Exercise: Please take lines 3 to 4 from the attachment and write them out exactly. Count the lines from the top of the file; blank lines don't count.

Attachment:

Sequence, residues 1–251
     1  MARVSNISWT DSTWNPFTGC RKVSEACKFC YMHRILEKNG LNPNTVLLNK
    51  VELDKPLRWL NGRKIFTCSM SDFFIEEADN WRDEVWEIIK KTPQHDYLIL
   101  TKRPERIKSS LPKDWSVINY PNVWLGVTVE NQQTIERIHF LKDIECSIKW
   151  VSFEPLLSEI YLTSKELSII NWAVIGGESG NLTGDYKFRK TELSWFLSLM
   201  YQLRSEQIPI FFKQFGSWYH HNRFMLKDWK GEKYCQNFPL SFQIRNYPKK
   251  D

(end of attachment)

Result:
    51  VELDKPLRWL NGRKIFTCSM SDFFIEEADN WRDEVWEIIK KTPQHDYLIL
   101  TKRPERIKSS LPKDWSVINY PNVWLGVTVE NQQTIERIHF LKDIECSIKW